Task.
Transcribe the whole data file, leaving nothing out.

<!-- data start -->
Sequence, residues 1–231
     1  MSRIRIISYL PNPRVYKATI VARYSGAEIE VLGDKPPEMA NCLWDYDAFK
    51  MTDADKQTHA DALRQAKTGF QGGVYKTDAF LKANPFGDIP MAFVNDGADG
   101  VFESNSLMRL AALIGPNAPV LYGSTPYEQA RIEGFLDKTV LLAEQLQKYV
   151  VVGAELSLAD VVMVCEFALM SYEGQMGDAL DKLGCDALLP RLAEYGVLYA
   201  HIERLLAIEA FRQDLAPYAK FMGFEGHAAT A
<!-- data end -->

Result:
Sequence, residues 1–231
     1  MSRIRIISYL PNPRVYKATI VARYSGAEIE VLGDKPPEMA NCLWDYDAFK
    51  MTDADKQTHA DALRQAKTGF QGGVYKTDAF LKANPFGDIP MAFVNDGADG
   101  VFESNSLMRL AALIGPNAPV LYGSTPYEQA RIEGFLDKTV LLAEQLQKYV
   151  VVGAELSLAD VVMVCEFALM SYEGQMGDAL DKLGCDALLP RLAEYGVLYA
   201  HIERLLAIEA FRQDLAPYAK FMGFEGHAAT A